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The Business Guide to Legal Literacy : What Every Manager Should Know About the Law

Title: The Business Guide to Legal Literacy : What Every Manager Should Know About the Law
Author: Hanna Hasl-Kelchner
Hardcover: 384 pages
Publisher: Jossey-Bass (March 31, 2006)
Language: English
ISBN: 078798255
I won this book on http://inbubblewrap.com/ , which is a great web site (its a give-away site for 800ceoread.com, which is a great on-line bookstore for business books).

This book was quick and easy to read and full of useful materials. I also think that understanding legal risk is not common in the business world – we tend to learn the lessons either when senior management complains that a contract wasn’t reviewed well or that there’s a liability or patent risk in what’s going on – this is because they’ve seen it before, often from their senior management years ago.

One important message I’ve been delivering lately is to limit negligence; if we do what’s common in the industry, and if we consider our options rationally, then we may still be liable but not negligent, and negligence can ramp up the cost for legal problems greatly. In addition, such due dilligence is a good thing normally, as long as its not taken to extreme. The goal is to manage the legal risk within the risk that’s reasonable for the organization and in this case.

Hasl-Kelchner mentions the concept of mindfulness of organizations, based on research from Managing the Unexpected by Weick and Sutcliffe; generally speaking, the these organizations were:

  • “More preoccupied with failures than with successes. They appreciated that achieving strategic goals is as much about knowing what mistakes to avoid as it is about knowing what you want to achieve.
  • Reluctant to oversimplify. They preferred to reconcile interdisciplinary perspectives without sacrificing important nuances.
  • Sensitive to operations and relationships within the value chain. They were particularly alert to the risk associated with latent failures.
  • Committed to resilience. They bounced back from past errors by learning from past mistakes and developing knowledge.
  • Deferential to expertise.”

The book makes a strong case for helping attorneys understand the risks a business accepts in general, and also in how to communicate risks back to the business. Business is all about accepting some forms of risk, but lawyers typically try to minimize risks.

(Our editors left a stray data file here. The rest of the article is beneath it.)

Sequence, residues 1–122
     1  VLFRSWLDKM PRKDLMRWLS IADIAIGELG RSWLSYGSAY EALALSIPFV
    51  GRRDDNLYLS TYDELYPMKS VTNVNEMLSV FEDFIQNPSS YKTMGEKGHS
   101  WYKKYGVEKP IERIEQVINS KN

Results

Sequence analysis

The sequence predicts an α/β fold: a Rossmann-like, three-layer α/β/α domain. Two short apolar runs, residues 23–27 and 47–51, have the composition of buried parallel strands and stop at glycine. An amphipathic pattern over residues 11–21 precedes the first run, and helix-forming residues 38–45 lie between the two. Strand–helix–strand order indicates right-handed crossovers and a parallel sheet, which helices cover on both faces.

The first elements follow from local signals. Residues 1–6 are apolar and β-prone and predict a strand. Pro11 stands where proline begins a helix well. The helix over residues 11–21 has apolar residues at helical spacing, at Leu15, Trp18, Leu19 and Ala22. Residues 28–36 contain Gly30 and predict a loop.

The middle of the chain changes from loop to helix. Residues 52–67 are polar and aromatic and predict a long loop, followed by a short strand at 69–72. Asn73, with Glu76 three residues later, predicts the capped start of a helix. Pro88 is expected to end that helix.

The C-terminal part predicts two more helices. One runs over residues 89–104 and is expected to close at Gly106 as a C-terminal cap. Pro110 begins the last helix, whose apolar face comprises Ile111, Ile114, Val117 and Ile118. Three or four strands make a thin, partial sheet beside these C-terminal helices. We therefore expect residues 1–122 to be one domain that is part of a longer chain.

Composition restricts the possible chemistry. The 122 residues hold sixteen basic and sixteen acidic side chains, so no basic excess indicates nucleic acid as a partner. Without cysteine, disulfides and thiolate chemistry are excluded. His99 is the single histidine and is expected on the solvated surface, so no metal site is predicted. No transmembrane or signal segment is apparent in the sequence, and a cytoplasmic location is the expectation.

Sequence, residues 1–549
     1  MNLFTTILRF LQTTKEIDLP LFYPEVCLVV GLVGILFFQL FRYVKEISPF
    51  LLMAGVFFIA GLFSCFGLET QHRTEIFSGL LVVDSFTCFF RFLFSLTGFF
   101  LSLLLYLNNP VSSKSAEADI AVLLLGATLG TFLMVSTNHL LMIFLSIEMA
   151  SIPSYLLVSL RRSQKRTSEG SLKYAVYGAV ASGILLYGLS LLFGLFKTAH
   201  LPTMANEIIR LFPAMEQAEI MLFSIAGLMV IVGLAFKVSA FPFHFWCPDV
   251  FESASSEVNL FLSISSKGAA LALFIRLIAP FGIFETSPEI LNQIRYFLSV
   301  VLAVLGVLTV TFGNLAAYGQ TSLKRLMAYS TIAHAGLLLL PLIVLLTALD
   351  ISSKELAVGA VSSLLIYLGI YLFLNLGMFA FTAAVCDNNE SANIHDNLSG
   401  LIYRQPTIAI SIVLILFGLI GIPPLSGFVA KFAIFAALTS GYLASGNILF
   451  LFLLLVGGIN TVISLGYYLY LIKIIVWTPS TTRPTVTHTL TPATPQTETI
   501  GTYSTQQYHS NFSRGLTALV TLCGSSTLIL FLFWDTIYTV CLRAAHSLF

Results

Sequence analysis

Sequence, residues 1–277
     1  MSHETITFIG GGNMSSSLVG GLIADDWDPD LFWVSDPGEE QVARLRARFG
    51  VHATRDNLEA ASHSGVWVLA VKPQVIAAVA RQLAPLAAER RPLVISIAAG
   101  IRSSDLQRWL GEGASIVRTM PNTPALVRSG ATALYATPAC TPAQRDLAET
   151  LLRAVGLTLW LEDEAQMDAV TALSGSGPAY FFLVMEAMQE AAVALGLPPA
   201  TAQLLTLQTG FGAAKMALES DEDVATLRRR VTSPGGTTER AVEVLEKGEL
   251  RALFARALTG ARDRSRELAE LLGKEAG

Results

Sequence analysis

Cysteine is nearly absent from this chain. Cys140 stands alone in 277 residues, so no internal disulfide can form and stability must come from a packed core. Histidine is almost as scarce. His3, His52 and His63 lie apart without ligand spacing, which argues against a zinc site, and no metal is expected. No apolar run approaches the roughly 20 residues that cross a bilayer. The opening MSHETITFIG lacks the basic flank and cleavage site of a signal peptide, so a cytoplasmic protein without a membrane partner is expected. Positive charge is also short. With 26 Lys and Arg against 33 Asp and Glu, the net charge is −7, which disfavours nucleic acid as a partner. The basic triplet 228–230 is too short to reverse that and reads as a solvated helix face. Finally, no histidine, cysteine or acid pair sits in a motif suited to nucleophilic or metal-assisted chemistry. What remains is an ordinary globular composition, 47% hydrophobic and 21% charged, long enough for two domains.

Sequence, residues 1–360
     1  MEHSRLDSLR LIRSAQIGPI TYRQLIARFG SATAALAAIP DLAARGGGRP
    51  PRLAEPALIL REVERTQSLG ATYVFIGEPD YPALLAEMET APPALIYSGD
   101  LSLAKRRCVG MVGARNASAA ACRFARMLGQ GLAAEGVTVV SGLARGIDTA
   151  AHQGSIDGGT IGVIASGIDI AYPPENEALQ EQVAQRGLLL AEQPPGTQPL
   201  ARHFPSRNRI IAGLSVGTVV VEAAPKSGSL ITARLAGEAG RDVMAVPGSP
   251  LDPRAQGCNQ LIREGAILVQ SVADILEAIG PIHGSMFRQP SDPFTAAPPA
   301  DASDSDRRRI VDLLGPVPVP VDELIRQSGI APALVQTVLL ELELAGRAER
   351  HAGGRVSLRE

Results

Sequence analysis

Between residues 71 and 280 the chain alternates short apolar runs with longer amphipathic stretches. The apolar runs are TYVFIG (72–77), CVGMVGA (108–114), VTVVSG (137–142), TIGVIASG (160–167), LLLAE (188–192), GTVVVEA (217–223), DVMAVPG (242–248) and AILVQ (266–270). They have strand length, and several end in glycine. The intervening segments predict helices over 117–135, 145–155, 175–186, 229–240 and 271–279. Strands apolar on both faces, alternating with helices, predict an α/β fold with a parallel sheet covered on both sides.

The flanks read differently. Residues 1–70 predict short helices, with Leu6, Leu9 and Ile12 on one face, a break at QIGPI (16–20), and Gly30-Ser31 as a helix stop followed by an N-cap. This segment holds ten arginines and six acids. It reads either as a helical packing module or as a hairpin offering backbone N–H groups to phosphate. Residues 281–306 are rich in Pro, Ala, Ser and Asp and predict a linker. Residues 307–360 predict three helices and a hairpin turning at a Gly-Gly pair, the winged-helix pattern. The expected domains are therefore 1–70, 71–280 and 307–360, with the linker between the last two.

I liked this simple quadrant approach to looking at risk based on reason to take action vs. the merits of a case. It is possible, and a goal, to move items from higher risks to lower risks – the book suggests approaches that have worked in the past to do this.


This diagram shows a “formula” for calculating the possible negative impact on a business of a legal action.

As an aside, this book as some really interesting items related to communication – this isn’t surprising, since communication is a big aspect of gaining literacy in almost anything. Below is a table showing communications channels and their strengths and weaknesses:

Later on in the book, there’s a discussion about communication attributes that are important to affecting legal
literacy:
“Expanding employees’ safety zones requires steering clear of misunderstandings and creating a community of joint interest. Special attention must be paid to the elements of communication-the who, what, when, where, why, and how. Applying these elements to our goal of improved legal literacy, compliance, and leverage means looking
at points like these:

  • Who communicates: Are they credible? Do they have authority? Do they know what they are talking about?What is being said: Is it consistent? Is it appropriate? Is it serious?
  • When it is being said: How often is the message sent? Is the timing appropriate? Why now?
  • Where it is being said: Is it being whispered in the hallway? Or posted on the company intranet?
  • Why it is being said: What’s really going on? What are the consequences for the employees? Is there a hidden agenda?
  • How it is being said: Does the message make sense? Can it be taken at face value or is there more between the lines? Is it likely to be misinterpreted and misunderstood? How loud is the message? What kind of resources are behind it?

“Another way to vet corporate communications is to evaluate them on the basis of whether they are constant, clear,
consistent, correct, and
convincing:

  • Constant: Is the message repeated often enough?
  • Clear: Is the message understandable?
  • Consistent: Do different editions of the message agree with one another?
  • Correct: Is it the right message? Right time? Right place? Can the audience understand it?
  • Convincing: Is the messenger credible? Is the content persuasive? Is the timing correct? What resources are being devoted to it? How important is it?”

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